“How do we cover the whole world,” Running adds, “and do it every two to three years, which is what the science needs?”
The number of options for space-based mapping has gotten smaller. The ICESat mission ended in 2009. Its follow-on, ICESat II, is slated for launch in 2016, but will not necessarily be able to view forests in the same way as its predecessor. The synthetic aperture radar used for the Shuttle Radar Topography Mission provided a global picture of Earth’s landscape structure in early 2000; but the space shuttle was retired in July 2011. A similar technology could provide forest structure and cover globally every year if launched on the space station or another satellite.
Many forest researchers and ecologists were counting on a mission that was proposed years ago and recommended by the National Research Council in 2007—the Deformation, Ecosystem, Structure, and Dynamics of Ice satellite. DESDynl would combine radar and lidar technologies to get a three-dimensional view of forests and their carbon stock. But that mission was put on indefinite hold in the spring of 2011 as the U.S. government made deep budget cuts. Researchers are now looking for other means to fly those instruments in space.
Ranson and colleagues Doug Morton, Bruce Cook, Ross Nelson, and others at NASA Goddard have picked up the effort to find a way forward. Since August 2011, they have been flying developmental instruments on NASA research airplanes, crisscrossing the eastern United States and taking stock of everything from sub-tropical wetlands to boreal forests. The team has been flying over Forest Inventory and Analysis plots in Maine, New Hampshire, Pennsylvania, Maryland, Virginia, North Carolina, and Florida, while flying under the old satellite tracks of ICESat. The team intends to calibrate their data against measurements from ICESat, Cook says, “and see if we can detect changes as we re-fly over an area.”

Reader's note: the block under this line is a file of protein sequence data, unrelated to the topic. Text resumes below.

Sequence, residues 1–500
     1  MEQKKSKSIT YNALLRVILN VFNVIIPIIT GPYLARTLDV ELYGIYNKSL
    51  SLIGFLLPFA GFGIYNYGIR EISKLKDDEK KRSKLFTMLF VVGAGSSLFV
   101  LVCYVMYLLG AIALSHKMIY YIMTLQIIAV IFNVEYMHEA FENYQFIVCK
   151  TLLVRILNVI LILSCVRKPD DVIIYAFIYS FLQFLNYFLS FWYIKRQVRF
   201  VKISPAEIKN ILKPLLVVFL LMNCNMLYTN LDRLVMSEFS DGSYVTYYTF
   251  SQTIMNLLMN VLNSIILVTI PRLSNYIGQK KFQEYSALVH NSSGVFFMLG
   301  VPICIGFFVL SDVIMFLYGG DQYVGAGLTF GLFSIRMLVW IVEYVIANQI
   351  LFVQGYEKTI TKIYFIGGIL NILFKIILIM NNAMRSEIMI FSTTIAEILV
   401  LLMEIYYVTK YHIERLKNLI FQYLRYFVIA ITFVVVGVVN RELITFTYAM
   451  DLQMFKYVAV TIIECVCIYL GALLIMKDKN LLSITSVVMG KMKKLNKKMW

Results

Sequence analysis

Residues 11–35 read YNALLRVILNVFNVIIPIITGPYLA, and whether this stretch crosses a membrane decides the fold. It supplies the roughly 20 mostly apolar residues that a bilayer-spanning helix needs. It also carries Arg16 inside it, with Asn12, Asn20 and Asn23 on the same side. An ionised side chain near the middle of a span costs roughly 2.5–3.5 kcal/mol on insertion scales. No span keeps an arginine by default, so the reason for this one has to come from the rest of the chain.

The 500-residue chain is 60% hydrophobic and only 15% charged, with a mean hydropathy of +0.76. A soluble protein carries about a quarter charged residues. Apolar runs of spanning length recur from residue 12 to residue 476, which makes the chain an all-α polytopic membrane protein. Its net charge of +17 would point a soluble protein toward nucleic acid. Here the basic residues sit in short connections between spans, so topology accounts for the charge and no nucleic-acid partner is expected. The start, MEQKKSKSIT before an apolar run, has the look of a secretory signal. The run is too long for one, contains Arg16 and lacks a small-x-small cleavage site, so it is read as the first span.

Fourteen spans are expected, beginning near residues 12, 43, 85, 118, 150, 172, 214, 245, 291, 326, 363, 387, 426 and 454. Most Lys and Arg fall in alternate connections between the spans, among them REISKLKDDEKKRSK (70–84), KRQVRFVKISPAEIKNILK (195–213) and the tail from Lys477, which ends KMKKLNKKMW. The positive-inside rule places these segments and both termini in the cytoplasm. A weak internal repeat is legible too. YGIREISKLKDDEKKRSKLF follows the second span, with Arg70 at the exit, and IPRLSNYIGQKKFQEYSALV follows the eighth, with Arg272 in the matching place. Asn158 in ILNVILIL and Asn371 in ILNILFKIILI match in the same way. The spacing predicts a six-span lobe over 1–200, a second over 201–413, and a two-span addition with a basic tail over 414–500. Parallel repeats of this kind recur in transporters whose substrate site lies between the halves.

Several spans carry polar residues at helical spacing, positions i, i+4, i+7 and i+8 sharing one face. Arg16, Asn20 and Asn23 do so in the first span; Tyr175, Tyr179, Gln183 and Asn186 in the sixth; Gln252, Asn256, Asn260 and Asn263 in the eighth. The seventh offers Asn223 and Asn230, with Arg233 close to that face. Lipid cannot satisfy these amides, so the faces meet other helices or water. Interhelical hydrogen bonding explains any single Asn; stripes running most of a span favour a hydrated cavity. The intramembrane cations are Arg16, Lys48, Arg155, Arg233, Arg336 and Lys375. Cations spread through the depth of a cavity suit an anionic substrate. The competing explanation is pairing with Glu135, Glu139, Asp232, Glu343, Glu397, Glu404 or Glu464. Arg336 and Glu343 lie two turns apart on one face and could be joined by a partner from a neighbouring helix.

In the summer of 2011, Ranson led the Eco-3D mission to measure forests in the eastern U.S. and Canada with three main instruments—radar, lidar, and a radiometer. The Digital Beamforming Synthetic Aperture Radar (DBSAR) provides a broad, horizontal view, distinguishing forest from other land cover and giving a sense of the biomass density. The Slope Imaging Multi-polarization Photon-counting Lidar (SIMPL) measures the forest canopy height and structure, while also providing clues about the types of trees being measured. The Cloud Aerosol Radiometer (CAR) measures the light reflecting properties of the leaves and landscape, which tells researchers about the composition and health of the forest.
Beyond Eco-3D, the Goddard team has been working with partners in Canada and Brazil to improve airborne forest mapping, which may be the best method the world will have until a space-based lidar and radar can be flown again.
“It’s amazing how many people really need our data,” Saatchi notes. “I’ve been getting bombarded by emails from people who want these maps.”
Kellndorfer’s inbox is full, too. Hundreds of ecologists, forest managers, academic scientists, city planners, land conservation groups, timber companies, climate modelers, civil engineers, biologists, and fish and game managers have sought maps on an almost daily basis. More are likely to come as international negotiators move closer to treaties and economic markets for managing carbon emissions and storage.
“The work we’re doing can help put an economic value on forests,” says Goddard’s Doug Morton. “Policymakers and economists want to know forest carbon stocks at very fine spatial scales, and countries naturally need to improve their assessment of stocks to participate in a forest carbon market. This is a high-stakes game in the policy realm.”
Developing countries are taking stock of the carbon in their forests as part of an effort in climate change mitigation called Reducing Emissions from Deforestation and Degradation, or REDD+. Scientific partners from the United States and Europe are often called on for technological assistance.
“Carbon trading markets are going to be partly based on selling credits for forests,” says Running. “If there is going to be billions of dollars in carbon trading, then knowing where the carbon is and how much of it there is takes on huge political and economic importance. We need a coordinated, global monitoring plan in order to make it legitimate.”